Sampa The Great and REMI will define Australian hip-hop in 2019's second half
With Sampa The Great's OMG and REMI's 5 A.M., the two artists remind us why they're Australia's best.
Header photo: REMI (L) shot by Michelle Grace Hunder. Sampa The Great (R) shot by Barun Chatterjee.
It would almost be a crime to not call Sampa The Great and REMI two of Australian hip-hop's most brilliant and artistic names, capable of defining our scene with every culture-moving moment. After the success of her 2017 mixtape Birds And The BEE9, Sampa has been on an unstoppable mission to position herself as one of Australian music's most valuable and artistic - period - going from strength to strength as she glides from last year's "moment of magic" Energy to this year's Final Form, the latter being a shoe-in for 2019's best song. They're both as culturally rich as they are bold and accessible, spotlighting her craft in finding moments of glory as she tells tales of self-balance ("we need to constantly replenish both the masculine and feminine aspects of our energy," said Sampa The Great on Energy) and her Zambian heritage ("often, as black people in the diaspora, we talk about the physical return to our roots but not as much about the spiritual, Final Form is meant to start that conversation,") amongst clapping rhythms and shimmering melodies - she's literally become unstoppable.
REMI, meanwhile, has been quietly making his own mark across the last year, also showcasing his talents and visionary as an artist and musician as he moves from the Thando-featuring My People to his collaborative EP with RAIZA BIZA titled Black Hole Sun - a six-track effort that also included Sampa The Great, Baro and Black Milk. Armed with boundary-pushing productions of Sensible J, REMI is one of Australian rap's most consistent, relaying his importance as a hip-hop heavyweight while also showcasing his remarkable talents and knack for discovering what's bubbling underneath the triple j-lit Australian music spotlight, and encouraging artists like Kaiit, Baro and even Sampa herself to step up. "The reason it's changing is not just because we're becoming more open-minded. It is because you can't deny the shit that's going on," he told Vice last year when asked about what Australian rap would like in the future. "I challenge you to find people globally that can rap like Sampa The Great. I challenge you to find people globally that have the creative vision of Baro. I challenge you to find people globally that are as good as Kaiit. This is where we're at."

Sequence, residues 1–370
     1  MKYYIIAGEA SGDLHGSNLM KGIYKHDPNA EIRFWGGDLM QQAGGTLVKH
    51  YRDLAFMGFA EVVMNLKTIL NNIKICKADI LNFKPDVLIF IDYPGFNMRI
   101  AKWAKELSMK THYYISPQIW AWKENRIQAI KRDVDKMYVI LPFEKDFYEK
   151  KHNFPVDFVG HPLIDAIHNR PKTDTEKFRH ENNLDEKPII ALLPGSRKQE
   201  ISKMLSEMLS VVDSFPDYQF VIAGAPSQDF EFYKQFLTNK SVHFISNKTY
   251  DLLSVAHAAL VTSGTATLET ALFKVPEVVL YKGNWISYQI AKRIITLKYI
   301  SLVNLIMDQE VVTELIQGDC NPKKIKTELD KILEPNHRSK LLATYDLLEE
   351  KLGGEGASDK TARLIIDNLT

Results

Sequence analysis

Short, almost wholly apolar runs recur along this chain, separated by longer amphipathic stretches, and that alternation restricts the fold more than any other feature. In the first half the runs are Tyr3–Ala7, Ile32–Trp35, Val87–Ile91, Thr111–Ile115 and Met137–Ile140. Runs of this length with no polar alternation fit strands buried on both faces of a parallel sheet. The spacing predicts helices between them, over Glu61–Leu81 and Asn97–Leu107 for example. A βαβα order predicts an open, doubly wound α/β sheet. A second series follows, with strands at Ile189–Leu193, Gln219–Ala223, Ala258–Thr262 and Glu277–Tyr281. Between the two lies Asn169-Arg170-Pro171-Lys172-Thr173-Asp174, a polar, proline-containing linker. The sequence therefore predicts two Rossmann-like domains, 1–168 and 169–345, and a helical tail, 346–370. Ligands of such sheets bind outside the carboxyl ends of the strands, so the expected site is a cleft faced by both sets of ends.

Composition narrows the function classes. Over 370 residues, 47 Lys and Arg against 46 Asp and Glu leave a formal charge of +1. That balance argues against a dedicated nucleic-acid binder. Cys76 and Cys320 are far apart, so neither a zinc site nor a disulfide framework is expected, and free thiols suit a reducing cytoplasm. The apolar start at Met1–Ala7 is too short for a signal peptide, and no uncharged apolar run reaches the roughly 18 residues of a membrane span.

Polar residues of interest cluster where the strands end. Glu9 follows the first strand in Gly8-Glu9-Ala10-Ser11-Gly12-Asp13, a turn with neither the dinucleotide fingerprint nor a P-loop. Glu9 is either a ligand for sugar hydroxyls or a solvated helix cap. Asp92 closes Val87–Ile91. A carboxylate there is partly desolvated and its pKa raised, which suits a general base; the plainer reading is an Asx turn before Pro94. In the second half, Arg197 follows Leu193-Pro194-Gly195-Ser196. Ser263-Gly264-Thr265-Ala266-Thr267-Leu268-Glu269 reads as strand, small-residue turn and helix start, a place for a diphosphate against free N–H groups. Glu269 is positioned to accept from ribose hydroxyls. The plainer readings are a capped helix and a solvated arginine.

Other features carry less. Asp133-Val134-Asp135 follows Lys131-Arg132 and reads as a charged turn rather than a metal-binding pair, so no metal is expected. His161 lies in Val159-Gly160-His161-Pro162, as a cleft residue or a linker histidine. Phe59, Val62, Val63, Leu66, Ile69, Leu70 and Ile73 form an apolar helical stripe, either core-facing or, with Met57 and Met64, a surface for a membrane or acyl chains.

Together, they're one of hip-hop's most powerful pairings, but separately - as discussed - REMI and Sampa The Great are two of Australia's greats, and in the second half of 2019, they're going to remind you of that. On September 13, Sampa The Great will share what's bound to be a career-defining debut album titled The Return, which amongst the tales told in Energy and Final Form, is bound to be one of the year's most important and richest releases. OMG, the today-released next album tease, is just another example of this. It's a quick-clapping, rapid-firing display of Sampa The Great's brilliance, finding a balance between something light-hearted and playful but incredibly important, woah's and oh my god's dancing around Sampa's exploration of heritage, family, culture and the intertwining of these, as she explains.
"I personally feel that people on the continent have a duty to our family in the diaspora, to re-teach our culture, language, spirituality, ways and return our peeps to ourselves. To me, OMG sounds like the songs we heard in our childhood. It’s broadly about flexing your culture! Loving where you’re from and even being shocked at the realisation of not knowing how dope it is to be ‘who you are’," she says. "I got to do something that I’ve never done before.“Which is to have my parents in one of my music videos. This is the first time they have been involved in my music at this level and it was important for me to express accepting and flexing my culture with the two people who know me most!"
REMI, meanwhile, also creates something special today, remarking his place in an ever-crowding hip-hop world with the release of 5 A.M., the first taste of what's next from the hip-hop excellence and his production partner Sensible J. 5 A.M., like Sampa's OMG before it, is as detailed and intricate as it is fun and remarkably special, with REMI's multi-layered songwriting and sharp lyricism sharing a spotlight amongst J's percussive rhythms and nostalgic, 90s-era R&B tones. Then, there's also Adelaide-via-Somalia musician Whosane, who adds a further R&B touch to the single through his silky smooth hooks. It's a really exceptional moment for REMI that marks somewhat of a returning for the star, showcasing new sounds and flavours while also giving that distinct REMI charm and Midas touch.
"I wrote 5 A.M. when I was locked in the house for a couple of days with the flu. I guess I was trying to get all the shit out of my body or something because my mind wandered to a toxic past relationship and I just needed to write about it. I hadn’t dealt with many parts of it, so there was a lot of real time processing and redrafting before I could properly articulate the whole situation," he says on the song. "Sensible J, with the help of Silent J (not to be confused), had already created the perfect beat-scape for me to vent over. However, when I’d finished writing, I felt like we needed some different energy. My brother Whosane has always been one of my favourite people to work with. I love how his mind works in creative settings and I love his voice even more. He only features for 8 bars but his presence is felt HEAVILY. (Many thanks to Silent J for completely flipping the beat for him!!)."
Follow Sampa The Great: FACEBOOK
Follow REMI: FACEBOOK